Research Operations noted: Our manufacturing line has sensors attached to production assets (e.g. assembly machines,
transport bells etc.) that send continuous streams of data
about the assets’ operational conditions to a monitoring station that then analyses them in real-time and detects any problems in the behavior or state of the asset. Once a problem is
detected, a preconfigured action is taken to notify the operator
or take corrective action. Thus, the potential unavailability of
the production process is brought to its minimum. Another
(Firm C’s Technical Production Manager) added: With our
new solution we are monitoring and predicting potential
equipment faults, to avoid or curtail process downtime or to
help prevent faults reoccurring. Specifically implemented sensors are preventing process downtime by detecting changes in
inputs and equipment functioning that could be caused by
unobservable conditions. If left undetected, these changes
cannot only affect individual equipment utilization but bring
whole process down. His colleague (Chief Project Leader)
further emphasized: Besides aiming at having our capacities
fully utilized, our goal was to have as many machines as
possible operating 24/7. To achieve this, the machines had
to be closely monitored and undertake proactive maintenance.
With the ability to closely monitor machines’ technical data in
real-time (e.g. temperature, pressure, power, and other sensor
readings) enabled us to better plan for maintenance and prevent machines from suffering frequent breakdowns. In contrast, Firm B’s manufacturing phase focus was less on improving availability and equipment efficiency (direct process aspects) but more on reducing waste (direct cost aspects): Our
company has long discovered that production resource waste
is a significant factor in operations costs. In fact, with the
implementation of BDA solutions we gradually became able
to reduce the utilization of materials (10–15 %), reduce
Inf Syst Front (2018) 20:209–222
energy (about 5 %), reduce scrap and rework (about 15 %), as
well as reduce manual labor (about 20 %) (Manufacturing
Nevertheless, all three case firms gave merit to quality assurance phase as important predictors of customer satisfaction
and firms’ operating expenses. As such, Firm A was able to
gain better insights into factors leading to faulty products
while firm B was able to further reduce returns and rework,
keeping firm image high. A Warehouse Supervisor in Firm A
noted: It is inherent to the production process to face defects.
With the implementation of BDA we gained an additional
layer of filtering during the inspection process which enabled
us to improve confidence in identifying defective products.
Data, such us production line environmental conditions, operators, task where failures occurred, time/season of failures,
material suppliers, lot numbers, helped us better understand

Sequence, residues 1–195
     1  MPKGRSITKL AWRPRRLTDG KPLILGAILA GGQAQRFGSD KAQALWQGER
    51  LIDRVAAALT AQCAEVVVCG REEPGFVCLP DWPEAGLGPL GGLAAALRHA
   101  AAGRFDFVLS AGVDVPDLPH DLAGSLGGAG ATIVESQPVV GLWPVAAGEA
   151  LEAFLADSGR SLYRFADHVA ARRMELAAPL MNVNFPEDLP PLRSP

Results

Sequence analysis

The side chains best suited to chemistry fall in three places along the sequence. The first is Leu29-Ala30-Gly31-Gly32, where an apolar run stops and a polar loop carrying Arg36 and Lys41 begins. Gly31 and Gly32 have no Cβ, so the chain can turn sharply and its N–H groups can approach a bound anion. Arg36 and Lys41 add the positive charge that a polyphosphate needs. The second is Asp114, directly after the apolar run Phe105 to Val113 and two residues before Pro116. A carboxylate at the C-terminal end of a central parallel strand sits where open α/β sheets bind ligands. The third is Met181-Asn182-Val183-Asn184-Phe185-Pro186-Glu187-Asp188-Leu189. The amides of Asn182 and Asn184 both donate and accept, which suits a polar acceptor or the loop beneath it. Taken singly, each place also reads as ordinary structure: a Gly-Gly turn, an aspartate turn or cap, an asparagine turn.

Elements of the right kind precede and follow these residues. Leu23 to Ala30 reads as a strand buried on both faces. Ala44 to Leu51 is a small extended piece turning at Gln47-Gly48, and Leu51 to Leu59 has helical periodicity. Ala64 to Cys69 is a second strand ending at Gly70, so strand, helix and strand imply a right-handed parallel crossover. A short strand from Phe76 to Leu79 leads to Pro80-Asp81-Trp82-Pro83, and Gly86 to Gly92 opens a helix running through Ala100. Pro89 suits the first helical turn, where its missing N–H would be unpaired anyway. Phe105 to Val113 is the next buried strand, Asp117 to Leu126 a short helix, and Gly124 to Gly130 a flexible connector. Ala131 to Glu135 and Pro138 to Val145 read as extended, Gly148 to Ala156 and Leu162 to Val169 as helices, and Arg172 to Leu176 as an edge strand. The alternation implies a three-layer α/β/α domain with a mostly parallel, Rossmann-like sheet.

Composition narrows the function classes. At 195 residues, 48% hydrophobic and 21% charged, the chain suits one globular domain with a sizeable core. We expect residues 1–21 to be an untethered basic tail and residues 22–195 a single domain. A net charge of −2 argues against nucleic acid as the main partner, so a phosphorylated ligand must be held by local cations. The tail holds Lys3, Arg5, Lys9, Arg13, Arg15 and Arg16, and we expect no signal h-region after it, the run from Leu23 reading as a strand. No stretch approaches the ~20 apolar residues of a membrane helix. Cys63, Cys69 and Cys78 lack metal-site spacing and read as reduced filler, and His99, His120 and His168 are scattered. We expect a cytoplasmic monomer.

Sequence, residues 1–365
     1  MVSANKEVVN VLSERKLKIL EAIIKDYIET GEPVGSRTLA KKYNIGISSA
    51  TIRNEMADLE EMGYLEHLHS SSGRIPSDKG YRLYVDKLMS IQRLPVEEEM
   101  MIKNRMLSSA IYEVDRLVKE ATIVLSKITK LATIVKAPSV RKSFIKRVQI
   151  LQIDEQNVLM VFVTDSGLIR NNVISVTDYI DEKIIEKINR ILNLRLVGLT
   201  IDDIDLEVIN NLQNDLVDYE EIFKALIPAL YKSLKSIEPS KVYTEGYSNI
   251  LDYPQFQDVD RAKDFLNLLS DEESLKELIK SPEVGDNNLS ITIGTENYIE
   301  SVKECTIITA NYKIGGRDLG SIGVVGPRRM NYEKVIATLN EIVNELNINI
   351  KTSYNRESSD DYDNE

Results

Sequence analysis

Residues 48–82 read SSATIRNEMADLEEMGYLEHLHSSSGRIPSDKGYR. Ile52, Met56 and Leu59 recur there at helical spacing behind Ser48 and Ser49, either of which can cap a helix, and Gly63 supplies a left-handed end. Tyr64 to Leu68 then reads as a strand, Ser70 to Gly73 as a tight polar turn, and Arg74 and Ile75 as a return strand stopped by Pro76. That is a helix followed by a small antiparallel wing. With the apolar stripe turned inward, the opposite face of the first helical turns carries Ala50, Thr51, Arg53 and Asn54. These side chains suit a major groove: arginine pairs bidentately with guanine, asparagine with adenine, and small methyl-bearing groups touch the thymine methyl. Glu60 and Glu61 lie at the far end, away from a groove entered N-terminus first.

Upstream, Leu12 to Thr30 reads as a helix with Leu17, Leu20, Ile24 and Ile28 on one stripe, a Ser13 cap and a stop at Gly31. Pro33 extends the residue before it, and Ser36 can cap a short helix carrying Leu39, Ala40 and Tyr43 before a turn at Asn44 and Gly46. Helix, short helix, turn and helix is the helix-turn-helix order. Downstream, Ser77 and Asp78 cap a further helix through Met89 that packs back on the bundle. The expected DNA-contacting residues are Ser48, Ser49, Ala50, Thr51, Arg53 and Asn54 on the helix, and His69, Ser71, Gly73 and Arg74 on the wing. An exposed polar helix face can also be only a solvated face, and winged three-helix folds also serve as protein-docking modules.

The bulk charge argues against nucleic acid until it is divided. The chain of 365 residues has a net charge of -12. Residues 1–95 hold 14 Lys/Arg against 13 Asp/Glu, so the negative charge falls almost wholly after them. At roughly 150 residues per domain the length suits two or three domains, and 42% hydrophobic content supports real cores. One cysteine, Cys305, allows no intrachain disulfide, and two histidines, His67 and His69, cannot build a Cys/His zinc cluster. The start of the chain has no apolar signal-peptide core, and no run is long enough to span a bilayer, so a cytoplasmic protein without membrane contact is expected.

the reasons behind defects and make more educated guesses
about faulty items before they were dispatched to the customer. A Market Sales Leader from Firm B added: While defective
units identified during the production typically result in sunk
costs or rework costs, an even greater problem is when these
units pass our control mechanisms unnoticed and make it to
the customer. Thus, dismissing potentially problematic items
through the utilization of predictive analytics improves rejection rate by 8–10 %, saving us from additional costs and
worsening firm reputation. On the other hand, Firm C was
able to tackle both issues through BDA utilization.
Moreover, wide use of BDA endorsed informed decision
making and transformed extant organizational capabilities.
Our findings suggested that the more widely the case firms
utilized BDA, the more they improved decision making in
manufacturing operations, resulting in added benefits for all
involved partners (customers, firms themselves). Across the
cases, informants stressed that BDA was pivotal in promoting
employee empowerment, fact-based and real-time decision
making, as well as promoted proactive actions that enabled
improvements in performance management, functional area
excellence, and value proposition enhancements.
Before BDA adoption, in all three firms, the ability to
transform decision making and organizational capabilities
was limited. On the contrary, this flourished after BDA adoption. Detailed descriptions are available in Table 4.
Informants from Firms A and C mainly emphasized how
shifts in employees’ power was transformed in relation to
managing the production phases. A Head of Operations from
Firm A explained the situation before BDA implementation:
People had rather limited powers regarding reconfiguring the
production process as a result of changes in the environment.
Everything had to be approved by their supervisors, particularly additional information from other sources about the
event in question was regularly requested. Through the availability of more detailed, up-to-date, and new insights these
approvals were not needed as much as employees were given
the power to make several decisions (e.g. requesting maintenance, changes in execution etc.) on their own. A Warehouse
Supervisor from Firm C reinforced this point: If anything unplanned happens in the process, we immediately take corrective actions to limit the potential future negative outcomes. We